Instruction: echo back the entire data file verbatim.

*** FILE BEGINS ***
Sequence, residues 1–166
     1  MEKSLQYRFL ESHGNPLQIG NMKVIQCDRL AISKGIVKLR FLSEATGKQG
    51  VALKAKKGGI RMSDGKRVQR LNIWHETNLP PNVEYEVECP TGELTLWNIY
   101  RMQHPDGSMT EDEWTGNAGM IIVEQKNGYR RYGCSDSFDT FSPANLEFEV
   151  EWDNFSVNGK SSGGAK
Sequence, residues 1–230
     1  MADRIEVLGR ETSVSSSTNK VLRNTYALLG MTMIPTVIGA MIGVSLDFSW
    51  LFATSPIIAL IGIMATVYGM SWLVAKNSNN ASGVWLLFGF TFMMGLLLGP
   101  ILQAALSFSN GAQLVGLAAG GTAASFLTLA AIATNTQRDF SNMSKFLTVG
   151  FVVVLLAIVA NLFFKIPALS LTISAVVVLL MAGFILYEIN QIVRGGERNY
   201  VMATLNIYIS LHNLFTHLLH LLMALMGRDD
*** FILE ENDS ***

Sequence, residues 1–166
     1  MEKSLQYRFL ESHGNPLQIG NMKVIQCDRL AISKGIVKLR FLSEATGKQG
    51  VALKAKKGGI RMSDGKRVQR LNIWHETNLP PNVEYEVECP TGELTLWNIY
   101  RMQHPDGSMT EDEWTGNAGM IIVEQKNGYR RYGCSDSFDT FSPANLEFEV
   151  EWDNFSVNGK SSGGAK
Sequence, residues 1–230
     1  MADRIEVLGR ETSVSSSTNK VLRNTYALLG MTMIPTVIGA MIGVSLDFSW
    51  LFATSPIIAL IGIMATVYGM SWLVAKNSNN ASGVWLLFGF TFMMGLLLGP
   101  ILQAALSFSN GAQLVGLAAG GTAASFLTLA AIATNTQRDF SNMSKFLTVG
   151  FVVVLLAIVA NLFFKIPALS LTISAVVVLL MAGFILYEIN QIVRGGERNY
   201  VMATLNIYIS LHNLFTHLLH LLMALMGRDD